A first step toward more education might mean completing one’s GED at Navarro and then moving into a continuing education class. From there, work can be done toward a certificate and or accreditation. In particular, Featherston said he’s seen students start out in continuing education to become a CNA, CMA or phlebotomist – and then use that certification as a stepping stool into one of the college’s nursing programs, which are all now taught at the Waxahachie campus.

Currently, there are about 60 students in the LVN program and more than 100 in the associate degree in nursing (RN) program at Waxahachie; Navarro’s occupational and physical therapy programs are at the Midlothian campus.

“And we’re not done yet,” Gibson said. “We expect to grow in health profession education with the demand.”

Although still in the planning stages, Featherston anticipates Navarro adding a respiratory therapy program in the future, as an example. And nursing is just one of the programs offered through Navarro that can further someone’s educational desires. 

Vision for the future

“Our vision is to be a nationally recognized higher education institution,” Fegan told the Sun, noting that Navarro looks to accomplish this through “innovative career pathways and student-centered learning opportunities.” 

The mission of a community college is to serve and that includes listening to its constituencies, understanding their differences and recognizing the opportunities where it can meet a variety of learners’ needs, he said.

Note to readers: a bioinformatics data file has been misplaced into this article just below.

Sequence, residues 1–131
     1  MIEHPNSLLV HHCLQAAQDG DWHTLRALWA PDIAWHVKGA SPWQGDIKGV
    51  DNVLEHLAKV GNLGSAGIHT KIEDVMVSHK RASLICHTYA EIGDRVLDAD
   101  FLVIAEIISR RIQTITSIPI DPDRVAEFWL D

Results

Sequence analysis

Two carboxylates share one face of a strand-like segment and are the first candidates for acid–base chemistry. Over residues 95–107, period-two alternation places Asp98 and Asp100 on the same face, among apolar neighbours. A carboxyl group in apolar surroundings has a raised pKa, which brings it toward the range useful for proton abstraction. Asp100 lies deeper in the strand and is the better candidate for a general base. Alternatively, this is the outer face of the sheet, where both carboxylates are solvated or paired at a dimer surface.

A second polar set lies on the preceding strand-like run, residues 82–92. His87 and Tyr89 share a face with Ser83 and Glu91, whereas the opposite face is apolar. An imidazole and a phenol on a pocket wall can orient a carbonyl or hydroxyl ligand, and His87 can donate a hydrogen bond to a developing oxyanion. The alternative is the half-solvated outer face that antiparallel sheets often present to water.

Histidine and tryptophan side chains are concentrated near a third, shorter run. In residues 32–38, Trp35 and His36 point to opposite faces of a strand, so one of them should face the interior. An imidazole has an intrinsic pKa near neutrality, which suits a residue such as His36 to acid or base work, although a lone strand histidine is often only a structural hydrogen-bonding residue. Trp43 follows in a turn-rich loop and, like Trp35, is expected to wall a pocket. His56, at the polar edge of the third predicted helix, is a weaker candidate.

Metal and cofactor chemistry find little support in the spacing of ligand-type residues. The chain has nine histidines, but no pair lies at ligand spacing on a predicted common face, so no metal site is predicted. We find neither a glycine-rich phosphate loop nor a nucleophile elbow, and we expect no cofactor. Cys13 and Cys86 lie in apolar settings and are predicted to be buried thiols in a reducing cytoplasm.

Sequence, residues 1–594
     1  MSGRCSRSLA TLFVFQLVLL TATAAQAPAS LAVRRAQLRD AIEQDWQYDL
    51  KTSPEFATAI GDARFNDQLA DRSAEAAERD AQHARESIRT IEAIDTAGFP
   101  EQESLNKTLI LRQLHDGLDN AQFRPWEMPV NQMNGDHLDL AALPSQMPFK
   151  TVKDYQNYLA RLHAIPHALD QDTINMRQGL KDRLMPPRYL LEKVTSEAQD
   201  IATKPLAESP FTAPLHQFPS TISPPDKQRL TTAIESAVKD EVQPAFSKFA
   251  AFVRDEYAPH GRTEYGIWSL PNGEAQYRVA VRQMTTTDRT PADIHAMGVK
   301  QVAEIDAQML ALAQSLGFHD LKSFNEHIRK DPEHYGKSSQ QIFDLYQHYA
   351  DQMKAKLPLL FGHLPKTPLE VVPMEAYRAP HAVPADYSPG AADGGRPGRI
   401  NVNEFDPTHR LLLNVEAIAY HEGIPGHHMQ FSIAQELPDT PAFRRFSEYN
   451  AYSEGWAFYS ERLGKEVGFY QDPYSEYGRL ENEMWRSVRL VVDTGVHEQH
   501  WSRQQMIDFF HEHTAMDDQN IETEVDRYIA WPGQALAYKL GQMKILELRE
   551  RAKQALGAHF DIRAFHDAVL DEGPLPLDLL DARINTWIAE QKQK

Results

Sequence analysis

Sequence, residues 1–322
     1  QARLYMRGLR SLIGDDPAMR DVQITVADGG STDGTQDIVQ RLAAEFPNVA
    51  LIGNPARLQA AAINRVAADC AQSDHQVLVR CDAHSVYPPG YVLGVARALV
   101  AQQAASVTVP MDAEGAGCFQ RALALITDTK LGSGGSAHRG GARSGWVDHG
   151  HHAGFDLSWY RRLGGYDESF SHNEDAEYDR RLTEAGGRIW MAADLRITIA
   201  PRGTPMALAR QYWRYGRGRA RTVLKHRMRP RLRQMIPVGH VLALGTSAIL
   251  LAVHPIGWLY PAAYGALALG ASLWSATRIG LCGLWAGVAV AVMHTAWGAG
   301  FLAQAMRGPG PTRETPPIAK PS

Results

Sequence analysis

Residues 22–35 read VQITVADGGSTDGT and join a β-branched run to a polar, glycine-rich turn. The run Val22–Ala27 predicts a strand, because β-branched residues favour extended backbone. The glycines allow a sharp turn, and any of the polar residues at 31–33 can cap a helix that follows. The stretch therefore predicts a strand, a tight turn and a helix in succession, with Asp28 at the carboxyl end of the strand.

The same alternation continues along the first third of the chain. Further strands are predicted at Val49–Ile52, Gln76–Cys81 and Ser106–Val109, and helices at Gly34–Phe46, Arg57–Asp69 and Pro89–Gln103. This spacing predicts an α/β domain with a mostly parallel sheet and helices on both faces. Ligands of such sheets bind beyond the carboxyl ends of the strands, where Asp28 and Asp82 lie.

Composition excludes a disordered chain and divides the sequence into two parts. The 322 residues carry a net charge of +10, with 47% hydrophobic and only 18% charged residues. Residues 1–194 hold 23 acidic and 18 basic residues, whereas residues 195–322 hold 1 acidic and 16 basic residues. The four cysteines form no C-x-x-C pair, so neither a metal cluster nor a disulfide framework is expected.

Navarro’s current strategic plan is for 2015-2020, with the plan under development to take it from 2020 through 2030. Both are aligned with the state of Texas’ Higher Education Board’s 60X30TX plan that was published in 2015. 

The primary goal of the state plan (and reflected in its name) is for 60-percent of Texas ages 25-34 to have some type of certificate or degree by the year 2030.

Three additional goals set for statewide achievement by 2030 include at least 550,000 students receiving their certificate, associate’s, bachelor’s or master’s from a Texas higher education institution; for all higher education graduates to have completed programs with identified marketable skills; and for undergraduate student loan debt to not exceed 60-percent of projected first-year wages.

“We’re excited about what we can do as Ellis County grows,” Gibson said. “And we’re prepared to be the service provider.”

She encourages people thinking about furthering their education to stop by the Waxahachie campus and meet with an advisor, all of whom have walk-in appointments available. It’s an opportunity to learn more about the college’s many different programs as well as the availability of student services such as financial aid, child care and transportation.

“Come talk to us and we can help you get ready,” she said.